Regulations.gov, the federal government’s centralized regulatory docketing system that I look at in my new transparency paper, recently won an award from Government Computer News for “combining vision and IT innovations with an attention to detail and a willingness to collaborate.” The result of that award-winning combination, however, is not impressing everyone. A few days later the Congressional Research Service issued a report that catalogs the site’s shortcomings.1 (Another great dissection of Regulations.gov was performed by BNA and reported that “Cornell students studying human-computer interaction, when asked to evaluate the E-Rulemaking Web site’s public interface in early 2006, rated it ‘absolutely horrific[.]‘”)
What’s striking to me is how what many believe is an unsatisfactory product is hailed as a success. Despite the hard work that many civil servants no doubt expended trying to make Regulations.gov a useful site, one has to admit it is confusing and difficult to use. Increased traffic is often cited by OMB in reports to Congress (PDF) as a measure of success. Increased web traffic was also mentioned in the GCN story about the award.
Looking at traffic, however, is tallying output, not outcomes; measuring activity, not results. One could conceivably build a website so unnavigable that it results in the number of “web hits” quadrupling because users have such a hard time finding what they need or because they have to click through many links before getting to what they want. Also, a total traffic number is difficult to judge. Are 150 million “hits” a good thing? Relative to what? Who knows.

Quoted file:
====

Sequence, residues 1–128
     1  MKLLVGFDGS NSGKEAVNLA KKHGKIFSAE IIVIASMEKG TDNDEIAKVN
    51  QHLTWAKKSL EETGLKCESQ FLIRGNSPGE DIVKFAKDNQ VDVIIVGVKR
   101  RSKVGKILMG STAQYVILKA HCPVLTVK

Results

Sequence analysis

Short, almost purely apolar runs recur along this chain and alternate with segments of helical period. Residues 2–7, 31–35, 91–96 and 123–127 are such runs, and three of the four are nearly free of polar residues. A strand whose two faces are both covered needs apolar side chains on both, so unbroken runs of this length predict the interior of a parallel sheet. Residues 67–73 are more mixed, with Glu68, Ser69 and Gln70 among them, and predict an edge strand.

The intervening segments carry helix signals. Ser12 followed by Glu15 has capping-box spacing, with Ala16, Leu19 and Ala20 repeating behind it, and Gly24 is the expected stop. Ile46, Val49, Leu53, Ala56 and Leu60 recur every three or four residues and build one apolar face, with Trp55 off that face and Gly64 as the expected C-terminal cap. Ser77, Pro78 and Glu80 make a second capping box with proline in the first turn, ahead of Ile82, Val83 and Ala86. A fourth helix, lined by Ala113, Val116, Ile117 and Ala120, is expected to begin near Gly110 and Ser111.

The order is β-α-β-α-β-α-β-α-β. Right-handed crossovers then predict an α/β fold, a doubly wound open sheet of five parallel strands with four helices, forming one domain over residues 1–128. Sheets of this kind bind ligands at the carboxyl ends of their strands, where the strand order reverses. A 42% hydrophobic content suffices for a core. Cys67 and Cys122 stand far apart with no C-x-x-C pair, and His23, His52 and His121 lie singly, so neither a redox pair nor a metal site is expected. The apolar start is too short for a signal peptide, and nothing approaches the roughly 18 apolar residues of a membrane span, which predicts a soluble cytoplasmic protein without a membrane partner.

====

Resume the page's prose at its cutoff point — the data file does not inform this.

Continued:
Instead, what I’d like to know is whether Regulations.gov is making it easier for citizens to find and comment on regulatory proceedings. I see from the site’s “What’s New” section (I’d link to it but I can’t because the site uses 1990s-style frames technology2) that they conduct a regular “customer satisfaction survey.” I’d like to see those results published on the web. That sounds to me like a much better measurement of the site’s effectiveness.
From the CRS report:
To test the system, CRS attempted to locate information on a proposed rule issued by the U.S. Agency of International Development (USAID) in July 2007 that would exempt a new “Partner Vetting” system of records from the Privacy Act. The results differed depending on how the search was conducted. Using the “Search for Dockets” banner heading, identifying USAID as the issuing agency, searching for documents after July 1, 2007, and putting “partner vetting” in the keyword box yielded “no results.” However, using the “Search Documents” function, identifying USAID, identifying the “Subject” category, and putting “partner vetting” in the associated box yielded two dockets, one of which contained the subject rule and related documents and comments. Two other items were of note: (1) the list of agencies in the “Search Documents” function varied from one search to another (sometimes USAID was listed and sometimes it was not), and (2) the “Back” button did not allow the user to return to the previous page.
CRS also attempted to locate information on an EPA rule changing the emission standards for mercury. Using the “Search Documents” function, identifying EPA, using the “Subject” category, and putting “mercury” in the associated box led to a list of possible dockets, the first of which was for a January 2004 proposed rule. The docket contained a total of 6,902 documents across 277 pages of material. No index was provided, and the contents were not organized by type of document (e.g., agency- generated documents versus public comments) or chronologically.↑
- I tried opening the frame in a new window but I get an error message. It seems like the contents of the frame are dynamically generated. For an enlightening explanation of frames, as well as their pros and cons, see this article by Roger Johansson. The fact that this site, built in the 21st Century, uses frames is an indication of the technological problems within.↑